Metastases are tumours that have spread from elsewhere and are separate from the initial (primary) lesion; usually, they are an ominous finding.
Metastases are not always obvious when encountered; thus, metastasis should be considered with every diagnosis of a malignant tumour.
Seen from pathology, metastatic disease and direct extension of a tumour (on a biopsy) may be indistinguishable. Collectively, they may also be referred to as secondary tumours.
Cancers of unknown primary are dealt with in the cancer article. A general approach to undifferentiated tumours is given in the basics article under the heading modified general morphologic DDx of malignancy.
A handful of things have metastatic-like behaviour but are not malignant. Examples of benign things with metastatic-like behaviour are: benign metastasizing leiomyoma, endometriosis, endosalpingiosis and benign nevus cells (in lymph nodes).
- It is called "in-transit", as it happens while the tumour is on the way to the regional lymph node.
- If a separate tumour nodule is close to the primary tumour, it is known as satellitosis.
- The definitions vary based on the primary site.
- Dependent on (suspected) primary.
Not necessary to do stains/immunostains if all of the following are true:
- A primary is already established by pathology.
- The morphology of the lesion is compatible with the established primary.
- The clinical impression is a metastasis.
- The suspected primary is not breast.
- ASCO/CAP guidelines state that ER and PR (in breast cancer recurrences) should always be re-tested.
This depends somewhat on the tumour. A synoptic is not done. Margin status should be commented on. A morphologic description is useful if a subsequent resection is done.
SMALL BOWEL, RESECTION: - METASTATIC ADENOCARCINOMA, SEE COMMENT. - SURGICAL MARGINS NEGATIVE FOR MALIGNANCY. COMMENT: The tumour involves only the outer aspect of the bowel wall; the bowel mucosa is not involved. The tumour consists of glands with cuboidal tumour cells that have a moderate quantity of pale cytoplasm, and round nuclei. The tumour is moderately differentiated.
VERTEBRAL LESION, L1, BIOPSY: - ADENOCARCINOMA -- PENDING IHC.
LESION OF T7 VERTEBRA, CORE BIOPSY: - METASTATIC CARCINOMA, CONSISTENT WITH BREAST PRIMARY, SEE COMMENT. COMMENT: The morphology is compatible with a metastatic breast carcinoma. The tumour cells stain as follows: POSITIVE: CK7, ER, PR, MAMMOGLOBIN. NEGATIVE: CK20, TTF-1, CDX2, HER2, GCDFP. The immunostaining profile is compatible with a metastatic breast carcinoma. ER, PR and HER2 are interpreted as Class I IHC tests (results used by pathologists), as per the CAP classification. 1. Am J Clin Pathol 133 (3):354-65.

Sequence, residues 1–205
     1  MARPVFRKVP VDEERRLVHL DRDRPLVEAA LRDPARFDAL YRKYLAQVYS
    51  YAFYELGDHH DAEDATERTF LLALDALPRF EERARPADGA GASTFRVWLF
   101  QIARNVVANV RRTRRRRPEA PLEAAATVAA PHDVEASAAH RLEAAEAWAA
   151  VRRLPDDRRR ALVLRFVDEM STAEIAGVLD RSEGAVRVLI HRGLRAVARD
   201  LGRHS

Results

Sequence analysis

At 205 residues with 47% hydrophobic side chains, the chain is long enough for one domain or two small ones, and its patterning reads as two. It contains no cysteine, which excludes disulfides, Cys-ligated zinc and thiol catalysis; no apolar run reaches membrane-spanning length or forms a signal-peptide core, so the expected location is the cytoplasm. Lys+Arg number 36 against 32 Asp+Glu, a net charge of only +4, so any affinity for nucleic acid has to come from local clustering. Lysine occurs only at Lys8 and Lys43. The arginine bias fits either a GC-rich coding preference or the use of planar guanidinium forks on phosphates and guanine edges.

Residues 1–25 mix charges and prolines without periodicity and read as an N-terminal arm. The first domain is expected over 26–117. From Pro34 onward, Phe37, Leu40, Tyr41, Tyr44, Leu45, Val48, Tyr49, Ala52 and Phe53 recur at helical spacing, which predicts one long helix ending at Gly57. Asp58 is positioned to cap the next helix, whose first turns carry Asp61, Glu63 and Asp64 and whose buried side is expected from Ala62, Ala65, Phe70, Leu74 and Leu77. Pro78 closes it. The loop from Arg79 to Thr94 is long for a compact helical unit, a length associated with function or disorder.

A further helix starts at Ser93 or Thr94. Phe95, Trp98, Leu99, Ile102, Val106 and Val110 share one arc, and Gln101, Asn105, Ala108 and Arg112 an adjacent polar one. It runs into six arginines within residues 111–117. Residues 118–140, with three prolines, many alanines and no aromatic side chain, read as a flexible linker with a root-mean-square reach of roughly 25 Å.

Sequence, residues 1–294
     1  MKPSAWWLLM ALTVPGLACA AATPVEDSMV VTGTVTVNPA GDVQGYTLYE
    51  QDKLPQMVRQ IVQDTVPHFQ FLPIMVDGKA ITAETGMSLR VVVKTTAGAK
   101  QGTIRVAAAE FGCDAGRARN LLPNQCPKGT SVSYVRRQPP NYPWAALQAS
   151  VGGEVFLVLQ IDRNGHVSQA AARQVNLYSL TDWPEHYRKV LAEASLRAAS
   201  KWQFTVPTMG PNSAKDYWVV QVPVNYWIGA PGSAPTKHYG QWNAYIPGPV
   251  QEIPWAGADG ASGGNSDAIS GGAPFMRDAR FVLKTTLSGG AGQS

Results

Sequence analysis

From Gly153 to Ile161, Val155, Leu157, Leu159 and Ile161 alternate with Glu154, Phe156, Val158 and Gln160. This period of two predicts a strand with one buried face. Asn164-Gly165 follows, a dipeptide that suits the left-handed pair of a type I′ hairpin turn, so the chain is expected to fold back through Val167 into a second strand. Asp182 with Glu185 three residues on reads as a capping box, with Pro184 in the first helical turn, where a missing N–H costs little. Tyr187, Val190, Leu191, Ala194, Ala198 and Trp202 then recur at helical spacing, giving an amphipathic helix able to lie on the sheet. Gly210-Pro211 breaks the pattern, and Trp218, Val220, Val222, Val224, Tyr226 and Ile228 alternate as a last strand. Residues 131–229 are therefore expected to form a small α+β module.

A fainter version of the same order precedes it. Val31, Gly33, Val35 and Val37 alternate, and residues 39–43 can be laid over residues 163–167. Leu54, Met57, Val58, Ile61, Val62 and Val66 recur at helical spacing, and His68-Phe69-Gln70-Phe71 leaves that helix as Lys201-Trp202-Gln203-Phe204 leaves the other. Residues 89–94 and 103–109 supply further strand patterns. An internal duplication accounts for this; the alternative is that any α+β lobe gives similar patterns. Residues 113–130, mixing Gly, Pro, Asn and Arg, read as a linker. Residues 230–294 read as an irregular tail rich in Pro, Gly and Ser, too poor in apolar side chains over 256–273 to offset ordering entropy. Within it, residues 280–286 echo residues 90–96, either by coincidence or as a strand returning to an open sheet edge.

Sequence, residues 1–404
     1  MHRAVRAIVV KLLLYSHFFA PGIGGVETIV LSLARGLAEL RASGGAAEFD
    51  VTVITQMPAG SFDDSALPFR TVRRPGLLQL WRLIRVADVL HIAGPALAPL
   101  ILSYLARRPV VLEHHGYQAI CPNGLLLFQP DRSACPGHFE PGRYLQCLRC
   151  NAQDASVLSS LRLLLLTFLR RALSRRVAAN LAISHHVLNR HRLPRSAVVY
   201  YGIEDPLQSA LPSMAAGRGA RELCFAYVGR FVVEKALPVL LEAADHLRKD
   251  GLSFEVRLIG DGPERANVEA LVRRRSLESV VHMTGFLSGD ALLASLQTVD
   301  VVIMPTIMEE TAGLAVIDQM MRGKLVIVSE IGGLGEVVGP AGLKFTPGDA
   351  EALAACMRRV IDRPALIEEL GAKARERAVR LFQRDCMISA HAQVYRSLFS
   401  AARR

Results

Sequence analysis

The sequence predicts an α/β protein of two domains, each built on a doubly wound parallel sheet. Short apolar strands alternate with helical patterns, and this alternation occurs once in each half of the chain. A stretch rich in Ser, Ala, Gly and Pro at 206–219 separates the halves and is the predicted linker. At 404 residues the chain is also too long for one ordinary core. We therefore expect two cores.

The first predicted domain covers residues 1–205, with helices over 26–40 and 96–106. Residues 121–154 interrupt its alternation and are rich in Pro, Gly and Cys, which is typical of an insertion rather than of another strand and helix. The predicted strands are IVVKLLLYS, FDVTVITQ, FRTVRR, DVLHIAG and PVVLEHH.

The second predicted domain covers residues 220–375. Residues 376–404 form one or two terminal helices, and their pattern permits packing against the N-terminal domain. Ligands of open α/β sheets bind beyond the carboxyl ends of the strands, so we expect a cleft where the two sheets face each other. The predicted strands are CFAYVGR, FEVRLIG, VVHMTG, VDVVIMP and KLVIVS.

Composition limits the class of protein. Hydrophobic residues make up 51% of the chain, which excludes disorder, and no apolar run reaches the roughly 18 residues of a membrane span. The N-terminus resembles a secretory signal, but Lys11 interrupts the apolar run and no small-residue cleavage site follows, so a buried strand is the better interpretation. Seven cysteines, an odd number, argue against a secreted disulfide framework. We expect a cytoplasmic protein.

Probable lung metastasis
The sections show atypical cohesive cuboidal-to-low columnar cells with moderate nuclear pleomorphism. The nuclei are round/ovoid and eccentrically placed in the cell. Nucleoli of moderate size are identified. Mitotic figures are present. The cytoplasm is lightly eosinophilic and vacuoles are seen focally.
- Pitts, S.; Oberstein, EM.; Glassberg, MK. (Jun 2004). "Benign metastasizing leiomyoma and lymphangioleiomyomatosis: sex-specific diseases?". Clin Chest Med 25 (2): 343-60. doi:10.1016/j.ccm.2004.01.014. PMID 15099894.
- Cook, MG. (Oct 2004). "Benign melanocytic lesions mimicking melanomas.". Pathology 36 (5): 414-8. doi:10.1080/00313020412331283842. PMID 15370110.
- Puppa, G.; Ueno, H.; Kayahara, M.; Capelli, P.; Canzonieri, V.; Colombari, R.; Maisonneuve, P.; Pelosi, G. (Mar 2009). "Tumor deposits are encountered in advanced colorectal cancer and other adenocarcinomas: an expanded classification with implications for colorectal cancer staging system including a unifying concept of in-transit metastases.". Mod Pathol 22 (3): 410-5. doi:10.1038/modpathol.2008.198. PMID 19136930.
- Hammond, ME.; Hayes, DF.; Dowsett, M.; Allred, DC.; Hagerty, KL.; Badve, S.; Fitzgibbons, PL.; Francis, G. et al. (Jul 2010). "American Society of Clinical Oncology/College of American Pathologists guideline recommendations for immunohistochemical testing of estrogen and progesterone receptors in breast cancer (unabridged version).". Arch Pathol Lab Med 134 (7): e48-72. doi:10.1043/1543-2165-134.7.e48. PMID 20586616.